SAM COOKE, LIVE AT THE HARLEM SQUARE CLUB, 1963

Sam-Cooke-Cheeky-Design

Unrelenting in it’s energy, Sam Cooke’s live album, performed at the Harlem Square club (in Miami) circa 1963, is a prime example of a performer, at the height of his game, giving a live and intimate performance that ignites the audience to rapturous levels. Cooke barely takes a pause between songs, as his soulful classics come belting out to an audience, that at first are warm but become feverishly excited, listen for the screaming to start (and never stop) in the medley of It’s All Right/For Sentimental Reasons below. Maybe it’s Cooke’s dialogue, ranging from relationship advice (“when somebody comes and tells you something about what your girlfriend has done…I want you to remember one thing…don’t go home and hit her…go home and shake her and wake her up…look her dead in the eye and say ‘it’s s’all right’”) to his invitations for audience call and repeat participation (“oh I like this song…everybody come on…EVERYBODY”). This audience involvement, however, was the exact reason the album got shelved until 1985. RCA Victor decided the album might be too “gritty”, and the crowd too “raw and raucous”, that it might damage Cooke’s finely honed pop image. Greg Geller, who discovered the tapes and issued it again, put it this way, “he was doing a different kind of show (on the road) — a much more down-home, down-to-earth, gut-bucket kind of show than what he would do for his pop audience.” Well, I have to say, this is an album unparalleled in it’s soulful craft and contagious energy, I dare you to sit still while listening. Cooke unfortunately would be shot a year later, under what still remains mysterious causes, involving Bertha Franklin, the manager at the Hacienda Motel in Los Angeles.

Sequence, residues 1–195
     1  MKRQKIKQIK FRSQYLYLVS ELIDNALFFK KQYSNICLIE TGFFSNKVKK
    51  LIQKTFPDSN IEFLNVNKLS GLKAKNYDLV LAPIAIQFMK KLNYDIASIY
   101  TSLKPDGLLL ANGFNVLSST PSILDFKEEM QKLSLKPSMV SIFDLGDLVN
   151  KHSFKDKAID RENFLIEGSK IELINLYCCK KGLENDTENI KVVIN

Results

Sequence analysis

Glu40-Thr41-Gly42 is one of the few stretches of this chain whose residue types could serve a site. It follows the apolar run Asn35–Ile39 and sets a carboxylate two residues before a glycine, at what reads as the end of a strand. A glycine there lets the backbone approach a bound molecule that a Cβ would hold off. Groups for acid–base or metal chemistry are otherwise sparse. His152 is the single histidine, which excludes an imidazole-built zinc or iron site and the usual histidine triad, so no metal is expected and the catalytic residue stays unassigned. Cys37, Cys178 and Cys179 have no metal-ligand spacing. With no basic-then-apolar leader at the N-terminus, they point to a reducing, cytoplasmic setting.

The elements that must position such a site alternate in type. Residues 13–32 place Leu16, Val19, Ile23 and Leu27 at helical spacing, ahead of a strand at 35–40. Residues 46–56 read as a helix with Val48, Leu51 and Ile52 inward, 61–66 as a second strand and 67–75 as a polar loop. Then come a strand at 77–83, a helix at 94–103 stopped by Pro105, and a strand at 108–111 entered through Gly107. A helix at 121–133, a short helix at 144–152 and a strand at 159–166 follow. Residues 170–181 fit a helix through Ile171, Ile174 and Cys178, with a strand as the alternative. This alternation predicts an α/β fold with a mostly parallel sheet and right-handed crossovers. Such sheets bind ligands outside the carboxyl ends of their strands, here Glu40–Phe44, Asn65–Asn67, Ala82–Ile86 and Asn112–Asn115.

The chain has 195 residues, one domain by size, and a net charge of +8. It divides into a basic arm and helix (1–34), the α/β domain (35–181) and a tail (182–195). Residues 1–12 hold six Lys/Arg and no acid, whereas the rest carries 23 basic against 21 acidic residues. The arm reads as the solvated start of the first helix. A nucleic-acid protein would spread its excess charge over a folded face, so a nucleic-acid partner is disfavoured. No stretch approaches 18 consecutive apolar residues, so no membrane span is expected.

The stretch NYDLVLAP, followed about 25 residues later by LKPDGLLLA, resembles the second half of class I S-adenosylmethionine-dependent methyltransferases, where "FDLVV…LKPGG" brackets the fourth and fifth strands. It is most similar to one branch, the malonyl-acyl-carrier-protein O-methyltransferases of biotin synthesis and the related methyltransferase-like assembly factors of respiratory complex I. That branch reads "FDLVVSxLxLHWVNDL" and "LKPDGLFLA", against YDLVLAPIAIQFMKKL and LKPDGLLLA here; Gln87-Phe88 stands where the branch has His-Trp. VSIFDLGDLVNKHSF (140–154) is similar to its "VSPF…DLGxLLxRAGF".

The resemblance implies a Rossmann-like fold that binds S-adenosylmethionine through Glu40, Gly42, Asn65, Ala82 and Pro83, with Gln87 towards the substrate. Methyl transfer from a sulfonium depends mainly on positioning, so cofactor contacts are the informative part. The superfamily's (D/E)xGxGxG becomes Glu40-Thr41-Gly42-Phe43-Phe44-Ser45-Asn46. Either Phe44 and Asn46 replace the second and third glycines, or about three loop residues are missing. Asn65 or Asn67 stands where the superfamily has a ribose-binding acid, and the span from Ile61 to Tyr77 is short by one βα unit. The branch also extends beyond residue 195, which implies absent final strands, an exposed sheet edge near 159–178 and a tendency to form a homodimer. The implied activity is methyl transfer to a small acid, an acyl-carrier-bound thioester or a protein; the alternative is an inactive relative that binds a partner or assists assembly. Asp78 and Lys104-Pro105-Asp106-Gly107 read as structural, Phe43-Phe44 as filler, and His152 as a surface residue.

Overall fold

You can hear the whole album on Spotify, and a couple of tracks below. Honestly, one of my all time favorite albums.